New Russian law risks seizing ‘hostile’ assets

Businesses that still have assets – including property, money and data – in Russia are urged to move or shield as much as possible as Russia moves to enact legislation that could lead to the seizure of assets, Pinsent Masons said in an April 27 briefing note.

The new bill does not define “hostile measures,” but Pinsent Masons said it would likely apply to the list of “unfriendly” states defined in a March 5, 2022 executive order.

The Russian Parliament is currently considering a federal law amending Part 1 of Article 235 of the Russian Civil Code, which, if signed, would allow the nationalization of foreign assets belonging to a state, entity or individual, and their beneficiaries, of a country that exercises “hostile measures” against Russia, Russian entities or individuals, regardless of their place of registration or their principal business activities.

“It’s interesting that the new federal law not only covers assets of ‘hostile’ foreign states, but also people associated with those hostile states.”

The bill defines assets broadly, to include movable and immovable property, cash, bank deposits, securities, corporate rights and other intangible assets such as data.

The assets would be seized if found on Russian territory on February 24, 2022 – the date Russia invaded Ukraine. There would be no compensation for seized property.

Law enforcement expert Slava Tretyak of Pinsent Masons said: “Although it is difficult to mitigate the risk associated with certain assets, such as real estate, the people and organizations who may be exposed should undertake a review of potentially risky assets, and whether it is possible or safe to remove those assets from the jurisdiction.”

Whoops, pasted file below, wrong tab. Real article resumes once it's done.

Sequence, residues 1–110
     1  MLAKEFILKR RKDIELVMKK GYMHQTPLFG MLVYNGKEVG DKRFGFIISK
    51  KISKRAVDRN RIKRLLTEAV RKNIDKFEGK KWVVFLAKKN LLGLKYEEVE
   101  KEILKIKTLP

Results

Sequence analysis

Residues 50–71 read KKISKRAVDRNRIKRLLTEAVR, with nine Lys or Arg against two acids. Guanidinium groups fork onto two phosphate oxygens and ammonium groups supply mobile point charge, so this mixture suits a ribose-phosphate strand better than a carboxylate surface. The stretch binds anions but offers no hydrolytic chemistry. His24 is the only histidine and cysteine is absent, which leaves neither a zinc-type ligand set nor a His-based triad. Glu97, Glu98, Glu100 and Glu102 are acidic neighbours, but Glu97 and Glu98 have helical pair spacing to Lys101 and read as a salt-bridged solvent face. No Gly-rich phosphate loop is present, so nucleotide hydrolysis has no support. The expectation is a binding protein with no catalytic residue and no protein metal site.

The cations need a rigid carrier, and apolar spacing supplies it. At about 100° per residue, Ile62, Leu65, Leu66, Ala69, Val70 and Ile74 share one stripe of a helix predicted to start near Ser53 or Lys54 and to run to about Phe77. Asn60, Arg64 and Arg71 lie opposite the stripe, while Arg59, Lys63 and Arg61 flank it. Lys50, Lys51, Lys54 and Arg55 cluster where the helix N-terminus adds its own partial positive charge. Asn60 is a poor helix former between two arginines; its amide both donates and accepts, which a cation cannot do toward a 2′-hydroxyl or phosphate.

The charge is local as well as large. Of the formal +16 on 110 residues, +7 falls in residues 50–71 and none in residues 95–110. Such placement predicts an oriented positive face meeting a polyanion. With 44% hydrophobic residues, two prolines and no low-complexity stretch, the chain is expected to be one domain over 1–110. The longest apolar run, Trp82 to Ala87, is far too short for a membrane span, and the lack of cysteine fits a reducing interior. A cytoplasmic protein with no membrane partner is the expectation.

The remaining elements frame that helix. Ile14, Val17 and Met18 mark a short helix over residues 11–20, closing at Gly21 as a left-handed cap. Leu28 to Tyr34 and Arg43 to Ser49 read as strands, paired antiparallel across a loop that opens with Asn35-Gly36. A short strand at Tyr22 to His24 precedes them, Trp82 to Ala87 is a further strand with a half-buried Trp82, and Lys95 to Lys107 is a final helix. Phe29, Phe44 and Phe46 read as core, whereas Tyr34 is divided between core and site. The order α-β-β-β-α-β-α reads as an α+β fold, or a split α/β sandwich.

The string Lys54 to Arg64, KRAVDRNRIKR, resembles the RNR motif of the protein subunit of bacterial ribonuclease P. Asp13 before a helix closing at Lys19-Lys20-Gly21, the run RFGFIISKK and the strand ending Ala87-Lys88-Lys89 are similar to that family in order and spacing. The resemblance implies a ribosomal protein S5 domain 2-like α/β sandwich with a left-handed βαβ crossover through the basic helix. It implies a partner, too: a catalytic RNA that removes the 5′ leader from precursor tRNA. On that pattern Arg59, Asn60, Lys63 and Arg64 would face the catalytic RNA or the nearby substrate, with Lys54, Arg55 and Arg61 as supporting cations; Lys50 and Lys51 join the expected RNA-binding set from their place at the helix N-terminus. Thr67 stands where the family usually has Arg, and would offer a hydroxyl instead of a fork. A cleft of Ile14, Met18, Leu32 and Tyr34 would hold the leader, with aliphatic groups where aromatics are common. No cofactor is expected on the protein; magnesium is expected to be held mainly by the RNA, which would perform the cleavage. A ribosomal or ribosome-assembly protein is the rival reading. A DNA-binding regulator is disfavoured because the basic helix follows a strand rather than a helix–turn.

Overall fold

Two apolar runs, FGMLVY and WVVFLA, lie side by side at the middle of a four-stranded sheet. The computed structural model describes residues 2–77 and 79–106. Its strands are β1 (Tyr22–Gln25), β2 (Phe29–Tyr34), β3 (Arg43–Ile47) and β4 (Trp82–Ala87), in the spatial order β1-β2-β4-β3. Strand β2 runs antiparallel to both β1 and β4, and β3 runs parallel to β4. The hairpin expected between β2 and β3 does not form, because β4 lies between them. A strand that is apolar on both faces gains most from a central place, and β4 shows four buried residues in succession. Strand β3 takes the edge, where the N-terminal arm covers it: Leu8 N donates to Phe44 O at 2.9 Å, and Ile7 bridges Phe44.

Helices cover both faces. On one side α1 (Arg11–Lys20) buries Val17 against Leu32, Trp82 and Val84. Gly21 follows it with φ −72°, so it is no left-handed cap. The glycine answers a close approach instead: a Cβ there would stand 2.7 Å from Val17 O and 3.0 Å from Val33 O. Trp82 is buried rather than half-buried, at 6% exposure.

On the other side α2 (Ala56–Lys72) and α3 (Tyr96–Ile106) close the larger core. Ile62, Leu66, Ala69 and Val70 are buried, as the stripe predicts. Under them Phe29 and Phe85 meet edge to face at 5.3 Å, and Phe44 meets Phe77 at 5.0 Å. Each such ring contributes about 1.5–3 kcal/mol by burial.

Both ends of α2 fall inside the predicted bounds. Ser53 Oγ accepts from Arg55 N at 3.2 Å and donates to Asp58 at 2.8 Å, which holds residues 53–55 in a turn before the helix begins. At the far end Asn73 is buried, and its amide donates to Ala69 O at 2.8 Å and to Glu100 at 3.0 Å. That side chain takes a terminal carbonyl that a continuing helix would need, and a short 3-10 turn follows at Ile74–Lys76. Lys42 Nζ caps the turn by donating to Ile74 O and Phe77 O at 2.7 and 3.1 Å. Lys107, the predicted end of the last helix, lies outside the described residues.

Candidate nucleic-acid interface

Individuals and organizations potentially at risk should undertake a review of potentially at-risk assets and determine whether it is possible or safe to remove those assets from the jurisdiction.

“Customers who have data such as internal or external records, contracts, accounting records, ledgers, business forecasts, HR data, etc. in Russia that are still accessible should move or copy them as soon as possible to ensure that they are secure in case access to it ceases, given the general risk that the Russian government will restrict access, but also the risk that this law will mean that intangible assets such that data can be entered,” Tretyak said.

The list of “unfriendly” states defined in a decree of March 5, 2022 includes Albania, Andorra, Australia, Canada, EU and member states, Iceland, Japan, Liechtenstein, Micronesia, Monaco, Montenegro, New Zealand, North Macedonia, Norway, Singapore, San Marino, South Korea, Switzerland, Taiwan (Republic of China), Ukraine, United Kingdom and United States.

“It’s interesting that the new federal law not only covers assets of ‘hostile’ foreign states, but also people associated with those hostile states,” said litigation expert Michael Fletcher of Pinsent Masons.

“In light of some recent rulings, it is very likely that Russian courts will interpret these ‘associates’ as broadly as possible in order to broaden the scope of people and organizations covered by the new law,” Fletcher said.

Fletcher said foreign parties would be unlikely to be able to protect their rights through Russia’s domestic court system, so the investor-state dispute settlement route would be the best recourse. Assets owned by non-Russian entities and individuals would likely fall under the definition of “investment” under Russia’s bilateral investment treaties (BITs).

An investor would generally be able to bring an arbitration against the Russian state, as BITs normally prohibit the seizure of assets without compensation.

“However, it remains to be seen how practically this right will be in the current circumstances, and so the imperative for businesses at this time is to take action to mitigate their exposure, rather than hoping to rely on legal remedies in the future,” he said.

Martin E. Berry